Boris - Pink
Southern Lord
Avant Garde Sludge
11 songs (55'21")
Release year: 2005
Boris, Southern Lord
Reviewed by Adam
Every so often, people get complacent with doing the same thing all of the time. They usually seek to change their lifestyle in small ways to combat this boredom. Bands are often examples of the same issue. They feel they’re being pigeonholed and proceed to play something completely out of character seeking recognition and rejuvenation. In this way, Japan's Boris have never seemed to stay with one sound for long. One can find instances of post rock, sludge, drone, doom, and many others scattered amongst their diverse discography. Even though Boris has frequently tinkered with their musical boundaries in the past, they generally seem to stick to one overall style on each release. However, they decided to seriously test their limits on Pink, an amalgam of all they’ve done in the past with a few new endeavors just for kicks.

As Pink is very ranging, most songs deserve their own review so as to convey the many different attitudes present. This journey begins with the lush beauty of Farewell. After some odd opening noise, which led me to believe I was in for some signature Boris drone, a melodious guitar line jumps in that would be feel right at home on a Jesu album. This song is very powerful, an enchanting mixture of sludged out guitars and a layered vocal that gives Farewell a distorted post rock feel. Another aspect that stands out here, and will continue to shine throughout Pink, are Atsuo’s drums. The production really makes the snare pop, reminiscent of Steve Albini’s handiwork.

Following the daydream inducing quality of Farewell, the title track comes promptly along to break the trance. Sounding like an acid rock song on overdrive, Atsuo really puts on a show here with a masterful effort in keeping the fervent pace. At one point, Pink's guitar sound switches gears and clears up while adding a significant amount of low end. Woman on the Screen and Nothing Special continue the accelerated onslaught. Garage rock revival groups would do themselves a favor to take note of the cohesive attack Boris have perfected with these three songs. All three are similar in style, although it appears the guitar tone evolves on each one, going from the low end, Jimi Hendrix sounding tone of Pink to the fuzzed out, almost inaudible distortion of Nothing Special.

What follows is yet another complete sound overhaul. Thankully, Boris decide to reach into the vault and pull out their sludgy doom sound for Blackout. Starting with note one, it is supremely evident that their penchant for constructing magnetic doom drone heavy on the feedback has remained in top form. Blackout is the musical equivalent of being slowly pulled into a black hole. Truly, this outstanding track would sound right at home on their previous doom triumph Amplifier Worship.

To my chagrin, as I really enjoy the sound employed on Blackout, the altered guitar fuzz is brought back into the fold for Electric and Pseudo-Bread. The former is steady, driving instrumental piece, allowing Takeshi, Wata, and Atsuo to remind everyone of their mastery of their respective instruments. Pseudo-Bread reintroduces the acid rock sound and pace to the listener, complete with fantastic solos and a slowly building static earthquake of an ending.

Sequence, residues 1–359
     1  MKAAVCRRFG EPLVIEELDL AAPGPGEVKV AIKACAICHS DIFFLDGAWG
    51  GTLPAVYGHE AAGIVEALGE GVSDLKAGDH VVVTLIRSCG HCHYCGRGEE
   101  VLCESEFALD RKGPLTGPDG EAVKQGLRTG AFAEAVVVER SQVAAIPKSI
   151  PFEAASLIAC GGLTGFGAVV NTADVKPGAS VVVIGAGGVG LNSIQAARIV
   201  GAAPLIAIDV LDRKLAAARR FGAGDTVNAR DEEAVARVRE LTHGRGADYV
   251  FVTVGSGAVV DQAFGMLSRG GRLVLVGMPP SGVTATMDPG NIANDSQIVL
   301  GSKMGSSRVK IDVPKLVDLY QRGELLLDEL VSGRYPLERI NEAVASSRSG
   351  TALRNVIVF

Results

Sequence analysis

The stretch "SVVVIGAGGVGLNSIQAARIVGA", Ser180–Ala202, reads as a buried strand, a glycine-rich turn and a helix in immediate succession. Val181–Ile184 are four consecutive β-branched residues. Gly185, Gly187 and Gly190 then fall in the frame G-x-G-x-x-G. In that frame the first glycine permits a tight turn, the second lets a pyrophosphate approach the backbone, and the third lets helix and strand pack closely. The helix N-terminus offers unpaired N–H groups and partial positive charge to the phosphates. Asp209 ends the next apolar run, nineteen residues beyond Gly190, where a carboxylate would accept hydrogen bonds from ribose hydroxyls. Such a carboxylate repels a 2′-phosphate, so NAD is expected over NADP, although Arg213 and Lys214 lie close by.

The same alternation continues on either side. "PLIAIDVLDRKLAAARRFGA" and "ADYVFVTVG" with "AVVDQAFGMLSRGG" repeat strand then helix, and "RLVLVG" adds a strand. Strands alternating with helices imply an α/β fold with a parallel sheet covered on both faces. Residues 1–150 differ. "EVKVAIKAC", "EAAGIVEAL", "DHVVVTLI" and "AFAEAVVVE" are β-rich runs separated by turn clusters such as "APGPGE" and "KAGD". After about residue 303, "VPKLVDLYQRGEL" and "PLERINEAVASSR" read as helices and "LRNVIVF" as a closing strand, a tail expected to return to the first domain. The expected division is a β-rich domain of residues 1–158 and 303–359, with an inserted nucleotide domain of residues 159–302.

The opening guitars on Afterburner once again pay very obvious homage to Jimi Hendrix before delving into serious stoner rock territory. Afterburner appears to chug along much slower than its actual pace, while strange elements such as claps and finger snaps help keep the time in certain moments. Six, Three Times continues this style and pace, though, while a good effort, it is not as memorable as Afterburner. As far as I can remember, this is a relatively new style for Boris. Due to this, their proficiency of the genre commands appreciation. I am starting to believe that these three could quickly dominate any style they decide to try out.

My Machine exists merely as an instrumental calming and transition to the closing epic Just Abandoned My-Self. A true twisting and turning 18+ minute experience, this is the free fall to the end of this album's roller coaster. While it begins in somewhat similar fashion to the stoner rock tracks on this album, it gradually morphs into a lulling drone mixture of feedback and ambient elements that only Boris could produce. This is one of those songs that you just don’t want to end. Undoubtedly, they probably could have gone the way of their prior one-hour long pieces (see Absolutego) with Just Abandoned My-Self were they so inclined.

You have to believe that its very frustrating for some bands to spend their whole musical existence trying to harness the perfect (insert genre here) sound only to have Boris come along and kick their ass just because they feel like it. My lone complaint for Pink would be that I might have ordered the songs differently, as there are moments where the pace of a song is so vastly different from its predecessor that it becomes tough for the listener’s mind to fully embrace the transition. Overall, though, Pink is a very strong and memorable effort that channels almost all of the past diverse sounds of Boris into one monster package.
Killing Songs :
Farewell, Blackout, Just Abandoned My-Self
Adam quoted 93 / 100
Other albums by Boris that we have reviewed:
Boris - Smile reviewed by James and quoted 87 / 100
Boris - Absolutego reviewed by Goat and quoted 95 / 100
Boris - Amplifier Worship reviewed by Dee and quoted 77 / 100
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